In a major move, GE (NYSE: GE) will be splitting up its GE Energy division to create three autonomous units by the end of 2012.
The Energy division will be eliminated, and the three sectors will report directly to CEO Jeff Immelt. This is seen as a streamlining strategy as GE increases its involvement in energy development.
Currently, GE Energy employs around 100,000 people and expects revenues of approximately $50 billion in 2012.
The three new businesses will be GE Power and Water, GE Oil and Gas, and GE Energy Management.
Steve Bolz, GE Senior Vice President and Power and Water CEO, will head GE Power and Water, which is based in Schenectady, NY. The division is responsible for a variety of power generation and management technologies and solutions. It is also involved in renewable energy and water processing and management issues. GE Power and Water looks to have revenues of around $28 billion in 2012 and will employ 41,000 people.
GE Oil and Gas is based in Florence, Italy, and is headed by Dan Heintzelman, GE Senior Vice President and Oil and Gas CEO. The division is responsible for a range of oil services operations, including technology for and management of off- and on-shore drilling. With expected revenues of $15 billion, GE Oil and Gas will employ around 33,000 people.
Finally, GE Energy Management is headquartered in Atlanta, Georgia, and is led by Dan Janki, GE Senior Vice President and Energy Management CEO. This unit handles all electrical power-related issues and management problems for industrial applications, will employ around 27,000 people, and is expected to have revenues of around $7 billion this year.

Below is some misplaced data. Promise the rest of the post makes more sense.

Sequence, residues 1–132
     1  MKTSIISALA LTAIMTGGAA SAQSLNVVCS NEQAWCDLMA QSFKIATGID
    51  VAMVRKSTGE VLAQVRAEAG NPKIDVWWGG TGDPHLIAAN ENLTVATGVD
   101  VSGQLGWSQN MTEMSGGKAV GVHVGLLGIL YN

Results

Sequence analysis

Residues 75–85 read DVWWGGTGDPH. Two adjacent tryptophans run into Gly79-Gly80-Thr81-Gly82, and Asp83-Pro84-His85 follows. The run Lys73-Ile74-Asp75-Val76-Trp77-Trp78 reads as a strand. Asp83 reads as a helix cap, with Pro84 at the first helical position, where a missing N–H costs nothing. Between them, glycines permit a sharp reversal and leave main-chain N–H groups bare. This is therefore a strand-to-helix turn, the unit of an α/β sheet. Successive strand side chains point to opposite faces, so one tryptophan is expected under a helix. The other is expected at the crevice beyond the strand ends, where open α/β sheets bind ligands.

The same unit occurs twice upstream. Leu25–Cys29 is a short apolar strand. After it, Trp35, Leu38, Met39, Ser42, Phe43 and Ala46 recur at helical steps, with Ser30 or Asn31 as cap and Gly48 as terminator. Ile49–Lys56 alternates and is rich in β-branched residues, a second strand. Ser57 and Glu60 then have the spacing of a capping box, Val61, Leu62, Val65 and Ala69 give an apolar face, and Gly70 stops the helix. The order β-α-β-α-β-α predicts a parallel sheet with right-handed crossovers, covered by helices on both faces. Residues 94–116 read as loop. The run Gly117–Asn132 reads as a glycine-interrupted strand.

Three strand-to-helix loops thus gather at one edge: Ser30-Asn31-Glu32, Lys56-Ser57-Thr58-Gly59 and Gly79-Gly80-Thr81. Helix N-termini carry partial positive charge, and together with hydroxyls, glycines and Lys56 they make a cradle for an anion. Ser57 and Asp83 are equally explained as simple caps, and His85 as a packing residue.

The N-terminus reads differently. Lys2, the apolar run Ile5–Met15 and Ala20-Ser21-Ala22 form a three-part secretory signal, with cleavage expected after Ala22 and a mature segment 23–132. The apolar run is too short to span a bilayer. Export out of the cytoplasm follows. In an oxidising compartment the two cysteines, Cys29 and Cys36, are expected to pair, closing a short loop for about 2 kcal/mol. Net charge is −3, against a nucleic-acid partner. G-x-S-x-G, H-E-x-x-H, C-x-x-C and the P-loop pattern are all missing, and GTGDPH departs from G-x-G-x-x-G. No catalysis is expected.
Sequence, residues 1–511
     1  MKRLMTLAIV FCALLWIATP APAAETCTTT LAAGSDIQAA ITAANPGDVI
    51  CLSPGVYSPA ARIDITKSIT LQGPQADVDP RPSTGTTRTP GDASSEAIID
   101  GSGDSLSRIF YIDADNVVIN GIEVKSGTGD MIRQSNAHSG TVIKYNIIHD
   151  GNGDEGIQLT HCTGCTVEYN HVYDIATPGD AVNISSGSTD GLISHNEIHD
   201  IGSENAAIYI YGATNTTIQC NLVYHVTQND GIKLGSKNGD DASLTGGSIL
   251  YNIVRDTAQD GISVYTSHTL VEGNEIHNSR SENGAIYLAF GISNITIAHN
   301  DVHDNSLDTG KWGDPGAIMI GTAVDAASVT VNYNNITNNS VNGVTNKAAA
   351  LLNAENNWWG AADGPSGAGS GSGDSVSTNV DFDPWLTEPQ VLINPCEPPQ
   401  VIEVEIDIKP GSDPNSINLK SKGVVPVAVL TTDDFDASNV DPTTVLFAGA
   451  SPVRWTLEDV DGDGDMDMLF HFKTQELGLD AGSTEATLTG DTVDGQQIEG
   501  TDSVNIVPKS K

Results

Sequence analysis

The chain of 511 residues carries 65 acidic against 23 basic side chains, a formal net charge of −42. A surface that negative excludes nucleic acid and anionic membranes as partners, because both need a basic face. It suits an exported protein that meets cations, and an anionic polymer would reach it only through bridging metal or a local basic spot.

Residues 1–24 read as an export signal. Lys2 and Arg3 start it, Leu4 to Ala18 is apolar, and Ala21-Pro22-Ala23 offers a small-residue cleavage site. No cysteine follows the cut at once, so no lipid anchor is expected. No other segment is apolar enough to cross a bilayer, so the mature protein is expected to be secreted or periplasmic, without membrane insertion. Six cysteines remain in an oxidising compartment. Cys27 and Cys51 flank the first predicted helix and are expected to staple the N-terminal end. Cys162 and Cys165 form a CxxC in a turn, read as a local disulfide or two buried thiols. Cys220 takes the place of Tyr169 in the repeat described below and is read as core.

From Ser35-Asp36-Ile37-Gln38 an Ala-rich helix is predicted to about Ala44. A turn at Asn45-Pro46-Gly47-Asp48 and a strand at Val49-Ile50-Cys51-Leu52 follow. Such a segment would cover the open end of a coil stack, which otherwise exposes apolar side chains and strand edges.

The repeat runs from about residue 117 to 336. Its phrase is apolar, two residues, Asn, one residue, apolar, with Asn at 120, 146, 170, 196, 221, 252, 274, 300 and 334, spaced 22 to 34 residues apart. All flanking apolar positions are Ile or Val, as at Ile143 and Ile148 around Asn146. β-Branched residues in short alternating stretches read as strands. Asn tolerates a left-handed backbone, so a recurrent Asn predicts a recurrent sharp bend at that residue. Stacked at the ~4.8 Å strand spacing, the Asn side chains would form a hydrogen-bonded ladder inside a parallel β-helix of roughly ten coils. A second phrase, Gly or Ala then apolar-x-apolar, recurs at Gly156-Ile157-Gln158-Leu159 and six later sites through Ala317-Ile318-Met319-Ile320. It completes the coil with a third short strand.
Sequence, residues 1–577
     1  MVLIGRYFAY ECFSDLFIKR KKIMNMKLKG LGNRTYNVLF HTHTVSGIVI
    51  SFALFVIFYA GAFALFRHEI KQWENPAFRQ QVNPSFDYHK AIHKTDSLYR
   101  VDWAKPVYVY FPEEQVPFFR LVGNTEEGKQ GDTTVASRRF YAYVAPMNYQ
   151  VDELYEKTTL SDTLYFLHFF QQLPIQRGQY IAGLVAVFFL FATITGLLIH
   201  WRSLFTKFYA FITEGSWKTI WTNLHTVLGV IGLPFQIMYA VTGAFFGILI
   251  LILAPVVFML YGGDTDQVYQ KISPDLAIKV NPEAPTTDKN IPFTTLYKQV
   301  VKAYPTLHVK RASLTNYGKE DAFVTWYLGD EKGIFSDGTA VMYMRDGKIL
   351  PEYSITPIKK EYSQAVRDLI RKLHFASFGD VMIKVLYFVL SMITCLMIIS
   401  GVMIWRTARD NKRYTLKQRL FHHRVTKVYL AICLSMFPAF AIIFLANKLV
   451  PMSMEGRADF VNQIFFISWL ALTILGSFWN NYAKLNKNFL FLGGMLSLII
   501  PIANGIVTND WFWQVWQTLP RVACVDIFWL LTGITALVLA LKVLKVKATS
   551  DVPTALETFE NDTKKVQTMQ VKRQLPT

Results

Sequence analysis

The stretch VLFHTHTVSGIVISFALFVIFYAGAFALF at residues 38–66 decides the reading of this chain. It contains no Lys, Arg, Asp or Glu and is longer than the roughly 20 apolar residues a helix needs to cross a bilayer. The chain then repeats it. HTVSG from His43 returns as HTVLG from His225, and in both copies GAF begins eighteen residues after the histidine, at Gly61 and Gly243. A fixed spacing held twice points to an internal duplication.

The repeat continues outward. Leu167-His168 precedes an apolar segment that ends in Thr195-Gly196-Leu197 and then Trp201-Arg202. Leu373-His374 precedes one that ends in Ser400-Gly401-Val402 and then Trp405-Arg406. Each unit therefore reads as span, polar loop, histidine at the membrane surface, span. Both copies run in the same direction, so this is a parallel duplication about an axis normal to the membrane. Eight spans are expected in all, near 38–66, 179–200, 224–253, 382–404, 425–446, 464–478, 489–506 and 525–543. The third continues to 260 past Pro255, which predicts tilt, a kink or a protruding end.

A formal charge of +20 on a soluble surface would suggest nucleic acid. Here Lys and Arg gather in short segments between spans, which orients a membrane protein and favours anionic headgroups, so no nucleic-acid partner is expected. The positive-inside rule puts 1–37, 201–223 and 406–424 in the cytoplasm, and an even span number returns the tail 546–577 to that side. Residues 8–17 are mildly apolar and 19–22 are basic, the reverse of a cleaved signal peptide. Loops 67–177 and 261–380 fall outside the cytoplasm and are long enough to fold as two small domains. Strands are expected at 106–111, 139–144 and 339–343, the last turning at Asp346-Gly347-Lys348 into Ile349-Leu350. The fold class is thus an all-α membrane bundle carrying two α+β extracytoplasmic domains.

GE has continued reporting strong growth overall and will likely have another year of double-digits earnings across its Industrial, Capital, and Energy businesses. Vice Chairman and Energy Infrastructure CEO John Krenicki will be overseeing the transition to the new structure and will be leaving GE at the close of 2012.
The Financial quotes GE CEO Jeffrey Immelt on the changes at GE:
“Big companies are always fighting organizational complexity. We are taking action at a time when the Energy business is doing well. The business had a solid quarter with earnings up 13% and has a big backlog of great products. Removing layers is one way to reduce costs and increase our speed, focus and agility in the marketplace so we serve customers better.”
“This move will greatly simplify the way we communicate to investors and customers. We have built three strong franchises with solid growth prospects for each in the future. Our Energy portfolio is well positioned for future growth, our commitment to having the best technology is paying off with customers and we will continue to invest in our growth and competitiveness capabilities.”
The final shift will take place during the third quarter of 2012.